Michigan's criminal legal system is not black and white. Instead, it is a nebulous patchwork of rules that weave in and out of our lives, threatening to interfere when situations are misperceived and false allegations made. Therefore, when a disagreement or altercation arises, there is a significant possibility that the criminal justice system will come into play. The outcome of these situations is often dependent upon the facts of the situation and the accused individual's ability to defend him or herself.
The first way to do this is to know the law. This is especially critical when an individual is accused of committing a violent crime, like armed robbery.
Under Michigan's statutes, an individual who commits larceny and uses force can be found guilty of a felony and punished by up to 15 years in prison. The same penalty applies if larceny is committed with the use of assault. Assault is a very broad term, giving the criminal law extensive reach in this regard. Those who are truly armed, with a gun or knife for example, may face even tougher penalties.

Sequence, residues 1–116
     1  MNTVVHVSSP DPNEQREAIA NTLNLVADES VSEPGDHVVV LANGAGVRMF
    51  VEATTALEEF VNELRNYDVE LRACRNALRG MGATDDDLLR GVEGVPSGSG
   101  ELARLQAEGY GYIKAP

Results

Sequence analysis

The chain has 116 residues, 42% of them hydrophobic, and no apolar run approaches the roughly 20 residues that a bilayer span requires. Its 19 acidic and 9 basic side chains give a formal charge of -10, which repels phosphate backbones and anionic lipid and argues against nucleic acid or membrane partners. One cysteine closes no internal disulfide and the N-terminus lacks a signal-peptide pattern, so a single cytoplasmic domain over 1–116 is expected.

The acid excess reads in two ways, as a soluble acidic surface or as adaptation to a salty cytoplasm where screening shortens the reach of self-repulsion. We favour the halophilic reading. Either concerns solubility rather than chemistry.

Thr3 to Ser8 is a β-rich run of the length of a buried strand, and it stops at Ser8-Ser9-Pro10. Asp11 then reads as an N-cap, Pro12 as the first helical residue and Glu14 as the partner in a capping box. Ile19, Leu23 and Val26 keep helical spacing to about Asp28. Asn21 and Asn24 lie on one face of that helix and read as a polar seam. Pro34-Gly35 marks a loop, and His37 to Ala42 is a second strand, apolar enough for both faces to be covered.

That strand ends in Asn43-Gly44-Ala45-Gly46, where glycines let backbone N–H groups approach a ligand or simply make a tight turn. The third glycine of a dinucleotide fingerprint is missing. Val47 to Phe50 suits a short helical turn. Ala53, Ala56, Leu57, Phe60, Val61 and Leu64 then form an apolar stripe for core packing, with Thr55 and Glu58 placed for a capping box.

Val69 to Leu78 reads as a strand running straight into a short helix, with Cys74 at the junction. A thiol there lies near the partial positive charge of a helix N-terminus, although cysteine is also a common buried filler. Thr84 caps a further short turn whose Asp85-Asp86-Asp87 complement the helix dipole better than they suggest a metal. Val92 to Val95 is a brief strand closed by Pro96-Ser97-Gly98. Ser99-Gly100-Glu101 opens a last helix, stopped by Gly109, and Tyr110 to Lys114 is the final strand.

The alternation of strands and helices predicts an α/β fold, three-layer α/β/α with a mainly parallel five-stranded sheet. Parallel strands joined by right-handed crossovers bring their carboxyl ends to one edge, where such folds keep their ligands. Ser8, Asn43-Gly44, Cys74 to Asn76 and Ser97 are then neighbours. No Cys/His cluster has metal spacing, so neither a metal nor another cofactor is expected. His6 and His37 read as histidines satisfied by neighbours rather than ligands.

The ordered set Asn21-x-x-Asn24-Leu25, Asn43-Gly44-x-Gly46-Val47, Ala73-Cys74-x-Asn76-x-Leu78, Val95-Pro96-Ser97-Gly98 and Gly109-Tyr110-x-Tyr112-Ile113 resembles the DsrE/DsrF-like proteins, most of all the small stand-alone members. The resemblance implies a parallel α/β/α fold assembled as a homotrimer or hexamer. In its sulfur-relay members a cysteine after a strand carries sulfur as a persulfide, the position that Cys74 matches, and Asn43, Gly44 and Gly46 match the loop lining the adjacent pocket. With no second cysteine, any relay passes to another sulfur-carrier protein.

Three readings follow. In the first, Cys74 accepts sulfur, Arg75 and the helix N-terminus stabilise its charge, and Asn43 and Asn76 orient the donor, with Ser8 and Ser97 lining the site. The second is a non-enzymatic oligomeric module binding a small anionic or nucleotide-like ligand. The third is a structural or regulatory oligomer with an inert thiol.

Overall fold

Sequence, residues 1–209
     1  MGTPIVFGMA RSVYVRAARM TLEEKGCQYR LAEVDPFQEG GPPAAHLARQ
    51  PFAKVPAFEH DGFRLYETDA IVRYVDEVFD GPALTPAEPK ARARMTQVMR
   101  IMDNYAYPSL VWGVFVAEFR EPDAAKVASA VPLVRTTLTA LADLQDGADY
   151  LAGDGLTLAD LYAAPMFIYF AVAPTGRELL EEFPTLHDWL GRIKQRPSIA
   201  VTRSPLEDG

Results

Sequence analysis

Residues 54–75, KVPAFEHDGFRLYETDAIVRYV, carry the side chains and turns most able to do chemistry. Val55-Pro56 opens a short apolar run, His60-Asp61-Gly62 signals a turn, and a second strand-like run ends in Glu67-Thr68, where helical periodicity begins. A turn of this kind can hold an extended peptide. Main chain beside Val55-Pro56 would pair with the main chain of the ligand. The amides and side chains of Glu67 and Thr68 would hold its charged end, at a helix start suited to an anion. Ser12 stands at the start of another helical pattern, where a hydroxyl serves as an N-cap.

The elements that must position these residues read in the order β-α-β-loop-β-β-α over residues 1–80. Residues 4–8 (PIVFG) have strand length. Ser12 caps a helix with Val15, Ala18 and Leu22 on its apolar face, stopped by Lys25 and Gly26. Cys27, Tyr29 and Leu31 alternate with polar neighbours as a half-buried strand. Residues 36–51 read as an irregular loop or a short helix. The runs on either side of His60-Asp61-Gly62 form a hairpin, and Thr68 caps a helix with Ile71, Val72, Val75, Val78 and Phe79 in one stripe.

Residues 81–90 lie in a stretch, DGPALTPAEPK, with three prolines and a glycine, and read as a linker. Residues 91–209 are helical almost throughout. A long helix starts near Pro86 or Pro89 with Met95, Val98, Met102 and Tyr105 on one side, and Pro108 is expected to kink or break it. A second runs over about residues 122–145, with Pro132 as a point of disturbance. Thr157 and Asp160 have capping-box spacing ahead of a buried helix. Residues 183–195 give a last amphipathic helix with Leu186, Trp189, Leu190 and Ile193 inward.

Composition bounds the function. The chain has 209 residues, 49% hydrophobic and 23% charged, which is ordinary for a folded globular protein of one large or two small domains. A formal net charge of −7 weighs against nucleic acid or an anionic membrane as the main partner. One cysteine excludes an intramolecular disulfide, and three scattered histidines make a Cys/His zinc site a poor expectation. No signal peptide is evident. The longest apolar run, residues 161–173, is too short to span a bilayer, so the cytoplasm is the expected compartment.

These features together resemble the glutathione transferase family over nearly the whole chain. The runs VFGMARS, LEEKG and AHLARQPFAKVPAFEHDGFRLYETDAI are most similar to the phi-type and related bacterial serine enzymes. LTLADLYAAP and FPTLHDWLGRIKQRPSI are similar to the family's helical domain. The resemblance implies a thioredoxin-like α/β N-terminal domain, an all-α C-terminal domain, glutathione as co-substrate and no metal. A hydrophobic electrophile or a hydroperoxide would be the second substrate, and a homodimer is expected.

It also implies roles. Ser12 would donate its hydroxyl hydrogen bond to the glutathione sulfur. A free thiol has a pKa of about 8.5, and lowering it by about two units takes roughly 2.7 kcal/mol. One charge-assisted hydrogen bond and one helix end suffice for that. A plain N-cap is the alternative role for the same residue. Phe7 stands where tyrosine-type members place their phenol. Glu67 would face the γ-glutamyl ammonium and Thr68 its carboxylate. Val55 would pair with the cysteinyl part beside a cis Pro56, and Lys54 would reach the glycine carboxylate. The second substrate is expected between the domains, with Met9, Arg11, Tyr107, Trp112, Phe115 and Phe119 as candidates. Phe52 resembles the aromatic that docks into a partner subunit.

So, how would an individual defend him or herself against such allegations? It depends on the circumstances.
The first step, however, may be to look at the terms in the statue and consider whether that is what actually occurred. Did larceny take place? What does the law consider "force?" What is considered "property" for larceny purposes?
It may seem insignificant to some, but this is the groundwork that could lead to a solid legal defense. Specifically defining terms is difficult, and when the law is forced to do so, it sometimes creates openings where a defense can step.
Those facing violent crime charges may want to speak with an experienced Michigan criminal defense attorney. That attorney will be able to adequately advise and guide the accused individual through the criminal process.
Source: Mi.gov, "Section 750.530," accessed on April 15, 2016